The three were Good Eggs who had a good run. We still remember them today. And that makes them Eggs with Legs.


Yesterday I was hurting for time. My shift ended at 7am. I grabbed a few hours of sleep. Midafternoon, off to Cottonwood and then Yavapai College with my lovely Girlfriend; my class ended after 8 and we rolled into the driveway about 9. My journal page, which I’ve done daily without fail every day of 2013, was undone. Could I do it? Yes, but it would be a “filler” issue. Yes, but it would be KILLER DILLER filler–hey, there’s my Triple Acrostic!

(Anyone remember George Harrison’s “Polythene Pam”? “She’s killer diller when she’s dressed to the ‘ilt…”)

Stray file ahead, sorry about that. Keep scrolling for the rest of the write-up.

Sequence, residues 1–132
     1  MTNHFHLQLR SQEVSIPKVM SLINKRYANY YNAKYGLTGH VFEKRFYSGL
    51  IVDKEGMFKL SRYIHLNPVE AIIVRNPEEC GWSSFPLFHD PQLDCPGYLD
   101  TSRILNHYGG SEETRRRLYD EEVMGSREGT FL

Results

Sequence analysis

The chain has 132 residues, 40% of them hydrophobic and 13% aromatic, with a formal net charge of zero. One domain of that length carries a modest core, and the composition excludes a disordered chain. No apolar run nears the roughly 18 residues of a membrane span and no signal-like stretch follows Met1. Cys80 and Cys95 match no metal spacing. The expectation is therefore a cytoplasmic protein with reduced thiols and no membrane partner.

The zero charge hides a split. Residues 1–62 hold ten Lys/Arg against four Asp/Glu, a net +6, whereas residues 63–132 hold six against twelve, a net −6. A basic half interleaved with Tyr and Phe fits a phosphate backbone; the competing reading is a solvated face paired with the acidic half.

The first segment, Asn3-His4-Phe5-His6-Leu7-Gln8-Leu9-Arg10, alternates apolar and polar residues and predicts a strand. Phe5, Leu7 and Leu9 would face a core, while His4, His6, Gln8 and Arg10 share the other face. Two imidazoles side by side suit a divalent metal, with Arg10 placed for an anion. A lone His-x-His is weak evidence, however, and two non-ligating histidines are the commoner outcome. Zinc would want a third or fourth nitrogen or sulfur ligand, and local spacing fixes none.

For the illustration, a lot of things easily morphable to Filler, Sorry about that, Phil Donahue, Fuller Brush Man, Filet Mignon, and buckminsterfullerene, you wonderful substance, you.

If you can’t make heads nor tails out of the words, remember: it’s filler. On the other hand, if you see beauty, profundity, and wisdom there, remember: it isn’t ANY old filler. It’s Killer Diller Filler.

PS RIP Phyllis Diller, from a fan.


Here are three Graphic Heroes of mine, and they have three things (or more) in common. All are known more for their drawings than their paintings. All shook up the status quo. And all have known prolificity.